You use them frequently without a second thought, you ride them regularly to various destinations, from basement-level restaurants, to top-floor residential penthouses, to middle-of-the-building office suites. They are elevator systems — a sophisticated and technological combination of shafts, connections, weights and counterweights, which move people from floor to floor in buildings of varying heights.
However, the elevator cab can morph from a convenient vertical transportation enclosure to a claustrophobic prison in a heartbeat, should it grind to a halt en route to your destination. As frightening as being stuck in an elevator might seem, elevator systems, as a whole, are designed to keep you safe. You’re in more danger attempting to escape from the cab without the help from qualified personnel. If you find yourself stuck in an elevator, or in an elevator that’s free-falling, here’s what you should do stay safe.
5 Things to Do if You’re Stuck in an Elevator
The following five suggestions will keep you safe if you should find yourself stuck inside a stalled elevator cab.
1. Remain calm
First and foremost, do not panic, because there is no reason to do so. The elevator will not fall, nor will you suffocate. According to the National Elevator Industry Inc., elevator cars have plenty of oxygen, both within the cab and throughout the shaft, so you won’t run out of air and find yourself breathing in carbon dioxide. In addition, it’s a good idea just to breathe. Breathing can help calm you down, which is important, as “stressing yourself out to the point of having a panic attack won’t be helpful,” said Preferred Elevator, a Maryland company that installs and maintains residential and lightweight commercial elevators. Preferred Elevator also cautioned that it could take some time to fix the problem, depending on what it is, meaning “patience will be needed.”
2. Let others know you’re trapped
Modern elevator cabs have some way to communicate with the outside world, should you become stuck. Some cabs offer an alarm button, which makes a loud, ringing noise. Others provide an emergency phone behind a panel, or a two-way call button. Find that button or phone, and use it to initiate the rescue process. Calling 911 on your cell phone is also a good idea, assuming you have phone reception.
3. Stay put, wait it out
It seems as though every television show, movie or book involving elevator entrapment shows the hero, or heroine, breaking through the trap door at the top of the cab, climbing out and then making his or her way to the next floor above. However, in the real world, this is a terrible idea and can be very dangerous. Even if you could get that trap door open — and many are bolted shut — one of two things could happen. The elevator could either start moving again, while you are perched on top of it, causing likely injury, or you could fall down the elevator shaft. The advice is to remain where you are. You’ll be safer this way.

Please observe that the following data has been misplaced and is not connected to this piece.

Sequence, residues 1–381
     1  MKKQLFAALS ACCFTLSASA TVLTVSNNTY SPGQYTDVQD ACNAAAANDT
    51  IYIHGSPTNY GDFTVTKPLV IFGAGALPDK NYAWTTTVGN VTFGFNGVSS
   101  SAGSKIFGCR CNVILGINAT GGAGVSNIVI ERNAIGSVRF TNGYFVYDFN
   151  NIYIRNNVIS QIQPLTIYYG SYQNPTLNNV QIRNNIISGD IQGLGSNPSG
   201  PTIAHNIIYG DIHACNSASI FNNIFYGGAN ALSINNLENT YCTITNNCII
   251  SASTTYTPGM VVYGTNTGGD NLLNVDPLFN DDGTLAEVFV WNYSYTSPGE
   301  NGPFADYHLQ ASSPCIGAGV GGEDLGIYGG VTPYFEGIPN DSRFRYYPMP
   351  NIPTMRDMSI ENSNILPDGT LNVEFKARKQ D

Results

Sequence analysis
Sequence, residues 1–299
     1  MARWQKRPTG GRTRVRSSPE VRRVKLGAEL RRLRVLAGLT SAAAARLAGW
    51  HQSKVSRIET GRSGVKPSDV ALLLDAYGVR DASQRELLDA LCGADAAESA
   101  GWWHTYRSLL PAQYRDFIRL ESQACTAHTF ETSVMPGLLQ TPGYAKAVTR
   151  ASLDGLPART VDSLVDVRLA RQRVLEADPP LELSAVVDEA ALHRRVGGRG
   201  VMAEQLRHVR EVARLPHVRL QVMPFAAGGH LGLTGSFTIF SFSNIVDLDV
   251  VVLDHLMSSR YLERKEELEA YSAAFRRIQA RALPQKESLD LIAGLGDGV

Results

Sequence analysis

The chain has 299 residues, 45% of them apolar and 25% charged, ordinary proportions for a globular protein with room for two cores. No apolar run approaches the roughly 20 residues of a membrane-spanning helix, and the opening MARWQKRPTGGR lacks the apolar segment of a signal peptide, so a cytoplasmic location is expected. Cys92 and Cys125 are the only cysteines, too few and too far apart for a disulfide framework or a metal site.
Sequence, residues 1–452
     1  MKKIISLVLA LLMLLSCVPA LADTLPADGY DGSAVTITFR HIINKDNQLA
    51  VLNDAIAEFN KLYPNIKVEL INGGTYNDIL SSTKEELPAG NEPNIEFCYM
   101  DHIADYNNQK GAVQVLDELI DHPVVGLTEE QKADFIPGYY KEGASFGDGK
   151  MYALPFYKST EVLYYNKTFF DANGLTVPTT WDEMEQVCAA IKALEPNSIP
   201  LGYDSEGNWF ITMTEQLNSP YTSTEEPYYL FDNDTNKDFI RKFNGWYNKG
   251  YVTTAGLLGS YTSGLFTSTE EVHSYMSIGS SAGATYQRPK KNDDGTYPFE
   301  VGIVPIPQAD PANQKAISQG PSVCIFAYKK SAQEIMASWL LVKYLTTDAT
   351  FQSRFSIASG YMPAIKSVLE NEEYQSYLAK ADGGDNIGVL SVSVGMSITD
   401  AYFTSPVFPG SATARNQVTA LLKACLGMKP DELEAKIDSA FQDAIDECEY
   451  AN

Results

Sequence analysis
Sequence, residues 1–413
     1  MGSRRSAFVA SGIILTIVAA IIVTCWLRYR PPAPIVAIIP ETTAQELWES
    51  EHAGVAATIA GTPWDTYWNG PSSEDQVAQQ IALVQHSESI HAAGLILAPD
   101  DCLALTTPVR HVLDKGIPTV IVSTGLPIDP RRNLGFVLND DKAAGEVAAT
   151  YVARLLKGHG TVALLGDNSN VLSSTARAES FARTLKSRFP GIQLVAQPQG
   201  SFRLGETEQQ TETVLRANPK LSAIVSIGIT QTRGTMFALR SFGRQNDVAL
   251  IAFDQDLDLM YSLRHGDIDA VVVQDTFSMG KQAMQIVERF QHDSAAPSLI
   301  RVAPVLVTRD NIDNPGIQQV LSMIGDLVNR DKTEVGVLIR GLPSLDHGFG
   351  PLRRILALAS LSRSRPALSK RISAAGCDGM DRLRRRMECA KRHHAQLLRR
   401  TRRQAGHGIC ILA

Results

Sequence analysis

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4. Keep the door shut
Another neat trick that elevator-entrapped individuals in movies, TV shows and books seem to know how to do is to jimmy open the elevator cab door, then climb out onto the next floor. If you are stuck in an elevator cab, once again, don’t do this. You could damage the elevator mechanism, making rescue more difficult. Additionally, elevator cabs could start moving without any warning, and that open elevator door could put you at risk.
5. Keep still, and get comfortable
Where to stand in a stalled elevator cab seems to be open to a lot of conjecture. Some experts suggest standing in the center of the cab, facing the door. Others suggest moving to the rear of the cab while waiting for help. Then there are those who indicate that sitting down at the back of the cab and relaxing until help arrives is the best bet. While there is no consensus on the best location, or whether standing or sitting is better, the one advice commonality here is not to jump up and down in a mistaken belief that it will cause the elevator cab to move. Doing so could impact the brake system or shift the car. In addition to feeling a stalled elevator car drop a few feet, such a shift could mean rescuers might have more trouble reaching you.
How to Stay Safe in a Free-Falling Elevator
There are elevator cab shifts of a few feet, then there are the movie versions of free-falling elevator cars screaming down shafts at 60 miles an hour or more.
In reality, the chances of a free-falling elevator cab are extremely remote. Whether the elevator system operates on hydraulics or cables, enough redundancies exist to prevent an outright plunge to the bottom of a shaft. However, if you are that unlucky individual stuck in a free-falling elevator cab, your best bet is to lay flat on the bottom of the car, protect your head and hope for the best.
Standing with knees bent and bracing for impact will put enormous stress on your knees or back when the cab crashes. And, attempting to jump right before the cab hits the bottom sounds great in theory, but is next to impossible to time perfectly in real life.
The Bottom Line
Finding yourself stuck in an elevator is not one of life’s most pleasant experiences. In fact, it can be downright scary. But as long as you stay calm, communicate with the outside world and stay put, you will emerge from the experience unscathed. Remember: Attempting to escape from the stuck elevator on your own, without the help from qualified personnel, will only put you in more danger.
(Photo by Art of Photo / GettyImages)